European Parliament Approves Ban On Some Single-Use Plastics, Reduction On Others

The European Parliament voted on Wednesday to enact a complete ban on some single-use plastics — such as drinking straws and disposable cutlery — across the European Union and a reduction on others in an effort to reduce ocean waste.

Members of the European Parliament passed the measure overwhelmingly, by a vote of 571 to 53, with 34 abstentions.

Before the legislation goes into effect, the European Parliament must negotiate with the European Council of government ministers from its member states. The council is expected to make a decision on Dec. 16.

"We have adopted the most ambitious legislation against single-use plastics. It is up to us now to stay the course in the upcoming negotiations with the Council," Belgian MEP Frédérique Ries said in a news release. "It is essential in order to protect the marine environment and reduce the costs of environmental damage attributed to plastic pollution in Europe, estimated at 22 billion euros by 2030."

The legislation calls for direct bans on single-use plastic items such as "plates, cutlery, straws, balloon sticks or cotton buds" by 2021.

Consumption of single-use plastics "for which no alternative exists," such as single-use food boxes or containers for fruits, vegetables or ice cream, must be reduced by at least 25 percent by 2025, according to the legislation.

The measure also cracks down on fishing gear, such as monofilament fishing line, and tobacco waste. It seeks to reduce waste from tobacco products and cigarette filters containing plastic by 50 percent by 2025 and 80 percent by 2030.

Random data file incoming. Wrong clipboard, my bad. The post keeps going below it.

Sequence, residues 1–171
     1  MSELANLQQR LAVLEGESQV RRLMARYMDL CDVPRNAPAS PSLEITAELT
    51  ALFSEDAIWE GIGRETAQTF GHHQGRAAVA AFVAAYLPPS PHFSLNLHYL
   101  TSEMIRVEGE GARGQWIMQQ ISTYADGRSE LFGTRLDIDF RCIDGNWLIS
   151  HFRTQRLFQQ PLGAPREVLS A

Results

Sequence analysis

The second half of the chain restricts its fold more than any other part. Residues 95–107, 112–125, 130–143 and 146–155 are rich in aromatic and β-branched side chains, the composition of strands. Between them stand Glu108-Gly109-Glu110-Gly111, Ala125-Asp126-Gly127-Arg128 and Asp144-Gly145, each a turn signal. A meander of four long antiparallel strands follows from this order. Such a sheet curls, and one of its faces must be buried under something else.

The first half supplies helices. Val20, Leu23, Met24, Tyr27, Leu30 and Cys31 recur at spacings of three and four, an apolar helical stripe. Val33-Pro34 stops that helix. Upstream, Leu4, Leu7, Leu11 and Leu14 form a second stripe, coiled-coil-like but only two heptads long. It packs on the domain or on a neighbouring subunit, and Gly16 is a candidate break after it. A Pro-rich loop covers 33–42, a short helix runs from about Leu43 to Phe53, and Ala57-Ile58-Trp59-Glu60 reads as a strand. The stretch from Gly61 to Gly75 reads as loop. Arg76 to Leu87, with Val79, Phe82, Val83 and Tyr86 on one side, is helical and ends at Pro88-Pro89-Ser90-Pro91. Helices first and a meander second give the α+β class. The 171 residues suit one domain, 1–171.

"Member states should also ensure that at least 50 percent of lost or abandoned fishing gear containing plastic is collected per year, with a recycling target of at least 15 percent by 2025," the release said. "Fishing gear represents 27 percent of waste found on Europe's beaches."

The measures also held tobacco producers and producers of fishing gear containing plastic more accountable — companies in those industries must cover the costs of waste collection for their products, "including transport, treatment and litter collection."

The European Parliament also seeks to recycle a target of 90 percent of all recyclable drink bottles by 2025.

The measures are the latest in a growing, global movement to reduce single-use plastic waste. According to the European Commission, plastic makes up more than 80 percent of marine litter.

The United Nations announced last year that it was "declaring war" on ocean plastic:

"Each year, more than 8 million tonnes of plastic ends up in the oceans, wreaking havoc on marine wildlife, fisheries and tourism, and costing at least $8 billion in damage to marine ecosystems. Up to 80 per cent of all litter in our oceans is made of plastic.

"According to some estimates, at the rate we are dumping items such as plastic bottles, bags and cups after a single use, by 2050 oceans will carry more plastic than fish and an estimated 99 per cent of seabirds will have ingested plastic."

The movement to eliminate plastic straws spread across the U.S. and other parts of the world this summer.

Starbucks said it would drop plastic straws worldwide by 2020, and Marriott International said it would do the same by next summer.

McDonald's said it would use paper straws instead of plastic ones in some 1,300 restaurants in the U.K. and Ireland.

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